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BREAKING: Renters (Reform) Bill to get first airing after PMQs today

renters reform Bill

The Government is to finally introduce its long-delayed renting reforms into parliament later today following Prime Minister’s Questions (PMQs) in the Commons.

The Bill, which is to be called the Renters (Reform) Bill, will get its first reading just after lunchtime and, it is understood, a draft version of the full Bill will be released soon afterwards.

Looking at the official announcement this morning ahead of the parliamentary action, it’s clear that almost all of the measures outlined within the Fairer Renting white paper will be included.

Described as a ‘once-in-a-generation’ opportunity to reform the private rented sector, Ministers are keen to present the Bill as giving both renters and landlords more certainty particularly given Section 21 ‘no fault’ evictions are to be abolished.

Recover properties

They believe the beefed-up Section 8 notice process will make it easier for landlords to recover properties when they need to – so they can sell their property if they want to, move in a close family member, or when tenants wilfully do not pay rent.

Notice periods will also be reduced where tenants have been irresponsible – for example breaching their tenancy agreement or causing damage to the property.

As announced previously, the reforms will “strengthen powers to evict anti-social tenants, broadening the disruptive and harmful activities that can lead to eviction and making it quicker to evict a tenant acting anti-socially”.

Other key measures already announced in the consultation and white paper include a:

  • reformed courts process;
  • new Ombudsman;
  • requirement for landlords to consider pets in their property plus a new ‘pet insurance’ provision;
  • digital Property Portal;
  • new Decent Homes Standard;
  • promise to prevent agents and landlords applying ‘blanket bans’ on DSS tenants;
  • commitment to greater enforcement powers for councils.

Sean Hooker, Head of Redress at the PRS, says: “We need to see a more detailed version of what the Bill will do – which will be apparent when the first draft is published later today.

“Let’s be clear that nothing will change immediately and the parliamentary approval and debate process will take months to complete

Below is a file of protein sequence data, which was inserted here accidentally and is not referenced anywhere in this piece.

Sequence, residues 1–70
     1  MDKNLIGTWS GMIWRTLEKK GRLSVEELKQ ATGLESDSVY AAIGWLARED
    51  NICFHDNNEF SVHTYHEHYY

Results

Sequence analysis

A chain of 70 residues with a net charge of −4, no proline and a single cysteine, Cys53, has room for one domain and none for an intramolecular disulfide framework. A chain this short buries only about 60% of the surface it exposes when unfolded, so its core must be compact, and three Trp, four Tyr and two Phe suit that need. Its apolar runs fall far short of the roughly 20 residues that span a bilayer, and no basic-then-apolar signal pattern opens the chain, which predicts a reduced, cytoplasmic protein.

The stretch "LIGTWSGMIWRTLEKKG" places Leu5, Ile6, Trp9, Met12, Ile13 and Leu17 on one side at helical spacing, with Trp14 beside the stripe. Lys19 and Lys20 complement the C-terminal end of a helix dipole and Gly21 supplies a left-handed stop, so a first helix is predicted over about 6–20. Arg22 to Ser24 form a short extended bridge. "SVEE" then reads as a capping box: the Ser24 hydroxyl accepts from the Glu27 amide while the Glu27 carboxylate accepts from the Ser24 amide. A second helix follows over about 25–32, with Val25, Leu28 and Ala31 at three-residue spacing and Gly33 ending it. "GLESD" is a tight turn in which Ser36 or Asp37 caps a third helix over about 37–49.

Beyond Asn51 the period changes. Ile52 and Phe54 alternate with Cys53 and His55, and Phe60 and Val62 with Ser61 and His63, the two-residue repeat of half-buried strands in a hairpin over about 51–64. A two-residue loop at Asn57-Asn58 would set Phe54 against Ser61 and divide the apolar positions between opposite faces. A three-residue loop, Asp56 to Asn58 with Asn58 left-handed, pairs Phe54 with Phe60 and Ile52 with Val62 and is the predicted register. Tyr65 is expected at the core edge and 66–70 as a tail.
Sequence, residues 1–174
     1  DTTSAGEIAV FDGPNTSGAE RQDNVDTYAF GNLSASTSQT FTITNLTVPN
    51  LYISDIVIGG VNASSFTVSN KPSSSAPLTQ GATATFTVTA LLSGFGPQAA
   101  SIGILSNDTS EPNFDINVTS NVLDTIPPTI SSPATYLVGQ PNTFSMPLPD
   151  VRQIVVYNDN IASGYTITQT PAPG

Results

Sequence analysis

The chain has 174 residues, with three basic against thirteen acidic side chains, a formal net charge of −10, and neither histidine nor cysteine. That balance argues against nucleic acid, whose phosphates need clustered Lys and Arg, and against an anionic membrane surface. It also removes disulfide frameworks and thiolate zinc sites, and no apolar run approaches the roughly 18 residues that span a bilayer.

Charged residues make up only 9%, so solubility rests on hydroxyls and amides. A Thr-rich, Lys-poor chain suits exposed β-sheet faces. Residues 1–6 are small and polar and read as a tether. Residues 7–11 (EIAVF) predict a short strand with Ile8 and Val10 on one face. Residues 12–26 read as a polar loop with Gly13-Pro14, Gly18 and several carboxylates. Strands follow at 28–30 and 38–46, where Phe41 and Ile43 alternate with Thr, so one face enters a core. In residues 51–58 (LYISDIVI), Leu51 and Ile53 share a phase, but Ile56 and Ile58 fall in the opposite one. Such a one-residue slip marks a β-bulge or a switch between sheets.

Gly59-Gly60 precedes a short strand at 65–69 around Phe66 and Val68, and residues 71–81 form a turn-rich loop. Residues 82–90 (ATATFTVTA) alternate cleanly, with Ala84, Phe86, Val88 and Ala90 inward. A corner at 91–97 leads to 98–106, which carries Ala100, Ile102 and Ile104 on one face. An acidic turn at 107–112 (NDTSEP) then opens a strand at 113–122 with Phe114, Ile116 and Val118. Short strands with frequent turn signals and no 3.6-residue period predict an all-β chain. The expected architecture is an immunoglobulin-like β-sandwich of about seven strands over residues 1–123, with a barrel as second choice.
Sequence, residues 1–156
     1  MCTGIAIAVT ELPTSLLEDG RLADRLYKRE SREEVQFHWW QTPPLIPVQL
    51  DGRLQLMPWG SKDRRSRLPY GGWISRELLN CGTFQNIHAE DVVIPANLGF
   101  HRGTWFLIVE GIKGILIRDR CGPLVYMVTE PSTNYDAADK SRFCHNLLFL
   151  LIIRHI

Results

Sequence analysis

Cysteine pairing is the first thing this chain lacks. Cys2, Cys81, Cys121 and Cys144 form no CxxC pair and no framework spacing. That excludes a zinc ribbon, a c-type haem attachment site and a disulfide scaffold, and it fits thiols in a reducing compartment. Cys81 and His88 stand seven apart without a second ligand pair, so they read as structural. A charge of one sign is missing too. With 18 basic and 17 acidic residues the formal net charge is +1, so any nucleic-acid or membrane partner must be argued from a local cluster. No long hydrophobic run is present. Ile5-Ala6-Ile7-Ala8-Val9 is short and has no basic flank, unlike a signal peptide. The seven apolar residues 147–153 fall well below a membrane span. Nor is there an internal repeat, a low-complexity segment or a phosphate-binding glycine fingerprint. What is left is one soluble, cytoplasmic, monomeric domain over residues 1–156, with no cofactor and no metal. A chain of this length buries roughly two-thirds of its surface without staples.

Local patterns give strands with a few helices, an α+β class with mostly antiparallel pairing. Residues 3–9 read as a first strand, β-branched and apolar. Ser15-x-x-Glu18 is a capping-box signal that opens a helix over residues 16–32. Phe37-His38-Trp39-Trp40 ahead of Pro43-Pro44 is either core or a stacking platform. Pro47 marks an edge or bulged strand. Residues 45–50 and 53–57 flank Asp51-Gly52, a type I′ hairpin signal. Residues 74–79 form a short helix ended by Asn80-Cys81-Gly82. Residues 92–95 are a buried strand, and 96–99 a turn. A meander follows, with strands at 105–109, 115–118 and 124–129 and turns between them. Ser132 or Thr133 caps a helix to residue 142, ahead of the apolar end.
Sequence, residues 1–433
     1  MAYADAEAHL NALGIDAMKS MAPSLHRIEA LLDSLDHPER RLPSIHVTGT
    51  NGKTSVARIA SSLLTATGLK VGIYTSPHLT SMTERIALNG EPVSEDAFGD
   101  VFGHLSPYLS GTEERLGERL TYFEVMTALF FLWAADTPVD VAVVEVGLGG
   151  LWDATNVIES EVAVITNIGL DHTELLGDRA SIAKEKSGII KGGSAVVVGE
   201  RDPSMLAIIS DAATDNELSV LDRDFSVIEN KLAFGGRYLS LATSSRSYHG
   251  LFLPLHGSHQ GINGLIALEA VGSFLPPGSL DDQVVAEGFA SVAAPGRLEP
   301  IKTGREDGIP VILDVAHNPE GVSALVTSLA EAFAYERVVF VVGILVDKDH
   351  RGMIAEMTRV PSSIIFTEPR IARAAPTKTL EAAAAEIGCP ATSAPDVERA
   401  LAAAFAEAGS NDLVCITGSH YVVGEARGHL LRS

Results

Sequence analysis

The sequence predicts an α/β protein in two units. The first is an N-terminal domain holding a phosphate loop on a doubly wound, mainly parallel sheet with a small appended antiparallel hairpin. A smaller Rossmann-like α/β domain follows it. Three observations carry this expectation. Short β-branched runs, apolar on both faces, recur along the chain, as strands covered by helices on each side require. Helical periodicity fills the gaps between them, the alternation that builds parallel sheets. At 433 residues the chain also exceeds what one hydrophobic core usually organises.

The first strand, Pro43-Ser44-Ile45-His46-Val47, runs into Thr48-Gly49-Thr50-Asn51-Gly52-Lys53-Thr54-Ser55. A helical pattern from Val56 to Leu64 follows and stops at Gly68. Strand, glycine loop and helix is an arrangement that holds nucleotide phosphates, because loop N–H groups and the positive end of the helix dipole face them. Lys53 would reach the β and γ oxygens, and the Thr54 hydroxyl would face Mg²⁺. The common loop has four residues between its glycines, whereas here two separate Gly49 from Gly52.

“We are looking forwarding to working the Government to make this work.”

AdvoCATS founder Jen Berezai says: "This is a great day, not just for pet owning tenants and those aspiring to have animal companions, but also for landlords who may wish to consider pets but saw too big a financial risk until now.

"The inclusion of pet reform amongst the other big issues detailed in the bill is a welcome recognition of the importance and value of pets in our lives, and we look forward to seeing the new proposed legislation make its way through the parliamentary process and become law."

Housing Secretary Michael Gove says: “Our new laws introduced to Parliament today will support most responsible landlords who provide quality homes to their tenants, while delivering our manifesto commitment to abolish Section 21 ‘no-fault’ evictions.  

“This will ensure that everyone can live somewhere which is decent, safe and secure – a place they’re truly proud to call home.” 


Ben Beadle, Chief Executive of the National Residential Landlords Association

“Responsible landlords need to be confident that when Section 21 ends, where they have a legitimate reason, they will be able to repossess their properties as quickly as possible,” he says.

“Without this assurance, the Bill will only exacerbate the rental housing supply crisis many tenants now face.

“Whilst we welcome the Government’s pledge to ensure landlords can effectively recover properties from anti-social tenants and those failing to pay rent, more detail is needed if the Bill is going to work as intended.

“Ministers must develop a plan to improve the speed and efficiency with which the courts process possession claims.

“Although the Government has accepted NRLA calls to digitise cases, staff numbers need to increase in the court system as well to meet the needs of these reforms.

“Likewise, the Government must recognise the serious concerns of landlords letting to students about open ended tenancies.

“Without the ability to plan around the academic year, students will have no certainty that properties will be available to rent when they need them.

“We will continue to work with the Government, MPs and Peers to ensure the Bill workable and fair to both responsible landlords and tenants.”

Timothy Douglas, Head of Policy and Campaigns, Propertymark 

“Reforms to the private rented sector in England have been long awaited and the Bill will bring much needed clarity to letting agents, their landlords and tenants.

“Propertymark will support the UK Government to ensure the specific details work in practice for those on the ground, whilst providing both security and fairness for both parties of the rental agreement.

“It is also important implementation is well planned and managed as these reforms are significant for the sector.” 

Dan Wilson Craw, Acting Director, Generation Rent

“Arbitrary Section 21 evictions make it impossible for tenants to put down roots and report problems about their home with confidence.

“Abolishing them will take away much of the stress of renting and improve communication and trust between tenants and landlords.

“The new Property Portal and Ombudsman have the potential to make it much harder for criminal landlords to operate.”


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